The U.S. House of Representatives is doing its best to torpedo a valid U.S. foreign policy objective, establishing dialogue with Iran, including on the subject of its nuclear program, by passing legislation seeking to damage Iran's economy further just at the point when it is inaugurating a new, more reasonable president, Hassan Rouhani.
Mr. Rouhani is not perfect from America's point of view. On the other hand, he looks a lot better than his predecessor, the clownish, sometimes radical Mahmoud Ahmadinejad. Mr. Rouhani passed through the filter of Iran's conservative leader, Ayatollah Ali Khamenei, to become a presidential candidate, not a bad thing in terms of prospects for achieving something useful. As the most liberal of the six candidates, Mr. Rouhani won the June 14 elections with about 51 percent of the vote.
Since his election, he has identified himself as ready to talk to the United States and the rest of the world, including about Iran's nuclear program. Iran claims the program is for energy and other peaceful purposes. Some of the rest of the world suspects it of working to develop a nuclear weapons capacity. Talks between Iran and the five permanent members of the United Nations Security Council and Germany are currently suspended.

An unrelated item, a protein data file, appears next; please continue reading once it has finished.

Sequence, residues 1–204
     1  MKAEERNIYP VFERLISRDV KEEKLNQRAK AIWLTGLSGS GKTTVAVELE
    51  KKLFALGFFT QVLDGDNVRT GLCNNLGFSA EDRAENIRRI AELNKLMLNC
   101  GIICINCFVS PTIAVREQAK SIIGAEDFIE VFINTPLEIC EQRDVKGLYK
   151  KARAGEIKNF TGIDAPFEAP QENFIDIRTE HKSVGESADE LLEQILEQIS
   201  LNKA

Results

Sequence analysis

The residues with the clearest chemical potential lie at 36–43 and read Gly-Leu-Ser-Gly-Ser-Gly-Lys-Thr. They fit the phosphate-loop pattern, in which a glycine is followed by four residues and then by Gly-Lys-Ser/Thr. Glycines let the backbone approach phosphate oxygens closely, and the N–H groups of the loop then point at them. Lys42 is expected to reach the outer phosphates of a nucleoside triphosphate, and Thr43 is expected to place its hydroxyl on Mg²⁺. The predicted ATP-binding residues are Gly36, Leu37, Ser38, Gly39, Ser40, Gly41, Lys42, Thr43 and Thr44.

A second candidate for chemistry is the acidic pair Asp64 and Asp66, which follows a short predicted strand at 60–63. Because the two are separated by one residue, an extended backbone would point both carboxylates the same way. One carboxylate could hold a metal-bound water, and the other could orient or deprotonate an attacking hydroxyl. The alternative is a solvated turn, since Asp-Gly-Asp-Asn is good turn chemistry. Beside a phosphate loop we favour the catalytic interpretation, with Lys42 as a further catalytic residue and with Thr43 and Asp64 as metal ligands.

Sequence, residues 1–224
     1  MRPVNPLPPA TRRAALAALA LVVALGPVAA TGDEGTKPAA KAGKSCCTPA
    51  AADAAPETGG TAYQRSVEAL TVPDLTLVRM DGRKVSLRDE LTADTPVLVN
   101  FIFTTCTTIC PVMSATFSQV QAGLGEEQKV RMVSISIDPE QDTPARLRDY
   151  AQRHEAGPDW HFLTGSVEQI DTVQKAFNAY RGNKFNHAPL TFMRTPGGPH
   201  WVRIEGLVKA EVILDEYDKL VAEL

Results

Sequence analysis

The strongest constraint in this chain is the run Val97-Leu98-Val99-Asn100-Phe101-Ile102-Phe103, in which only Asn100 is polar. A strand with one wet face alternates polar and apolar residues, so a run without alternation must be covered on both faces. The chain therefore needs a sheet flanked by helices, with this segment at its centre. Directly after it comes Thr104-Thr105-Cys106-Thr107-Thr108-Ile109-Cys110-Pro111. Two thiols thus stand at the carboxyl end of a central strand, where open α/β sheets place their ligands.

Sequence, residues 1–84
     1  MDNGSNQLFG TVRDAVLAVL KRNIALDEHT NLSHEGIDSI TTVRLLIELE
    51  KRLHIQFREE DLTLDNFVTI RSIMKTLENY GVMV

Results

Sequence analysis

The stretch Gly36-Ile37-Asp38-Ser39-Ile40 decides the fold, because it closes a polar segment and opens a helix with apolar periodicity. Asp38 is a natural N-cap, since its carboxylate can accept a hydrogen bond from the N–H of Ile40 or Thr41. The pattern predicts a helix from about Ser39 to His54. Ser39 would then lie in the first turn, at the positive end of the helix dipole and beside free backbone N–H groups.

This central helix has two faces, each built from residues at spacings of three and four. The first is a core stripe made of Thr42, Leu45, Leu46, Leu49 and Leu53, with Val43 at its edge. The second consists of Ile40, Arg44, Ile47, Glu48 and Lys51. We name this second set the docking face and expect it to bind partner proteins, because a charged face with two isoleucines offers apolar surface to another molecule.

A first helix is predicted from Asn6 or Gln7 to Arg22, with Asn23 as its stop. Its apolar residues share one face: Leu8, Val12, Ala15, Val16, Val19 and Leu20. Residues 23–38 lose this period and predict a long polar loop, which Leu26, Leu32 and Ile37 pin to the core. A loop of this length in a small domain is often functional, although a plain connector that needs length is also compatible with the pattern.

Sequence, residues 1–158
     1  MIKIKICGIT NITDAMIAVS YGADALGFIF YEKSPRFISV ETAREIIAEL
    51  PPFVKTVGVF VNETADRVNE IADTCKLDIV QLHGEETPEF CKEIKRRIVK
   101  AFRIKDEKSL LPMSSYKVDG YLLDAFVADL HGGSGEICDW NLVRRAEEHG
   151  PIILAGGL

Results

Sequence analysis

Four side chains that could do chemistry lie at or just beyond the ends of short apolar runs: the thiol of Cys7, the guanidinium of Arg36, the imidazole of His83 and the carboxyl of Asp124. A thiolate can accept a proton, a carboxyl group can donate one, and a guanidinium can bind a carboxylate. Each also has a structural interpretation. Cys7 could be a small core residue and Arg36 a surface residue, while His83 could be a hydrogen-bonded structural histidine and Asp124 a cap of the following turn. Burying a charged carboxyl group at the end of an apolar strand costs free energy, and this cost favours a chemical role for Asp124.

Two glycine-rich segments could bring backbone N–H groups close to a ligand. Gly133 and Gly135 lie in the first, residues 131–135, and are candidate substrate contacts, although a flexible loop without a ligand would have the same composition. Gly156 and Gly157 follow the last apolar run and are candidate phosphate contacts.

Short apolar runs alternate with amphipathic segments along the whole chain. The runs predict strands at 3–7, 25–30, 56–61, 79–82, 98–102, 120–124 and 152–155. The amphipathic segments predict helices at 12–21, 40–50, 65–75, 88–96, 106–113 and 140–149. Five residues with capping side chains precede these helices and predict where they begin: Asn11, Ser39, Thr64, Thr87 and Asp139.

The United States already has in place a program of damaging economic sanctions against Iran, intended to press it to drop its nuclear effort. The House of Representatives, under the influence of lobbyists for Israel, voted on Wednesday, four days before Mr. Rouhani's inauguration Sunday, to impose even stricter sanctions on Iran. These would be directed against its oil industry and its banking sector, punishing not only Iran but also countries that wish to do business with it. Senate action on the bill awaits its return from its five-week summer vacation Sept. 9.
Even though Iranians resent America's economic sanctions against them, it remains unlikely that they will give up their nuclear program in response, having demonstrated their capacity to suffer in an 8-year war against Iraq in the 1980s that cost an estimated half a million lives. Congress should get out of the way of America's effort to establish dialogue with Iran and its new president.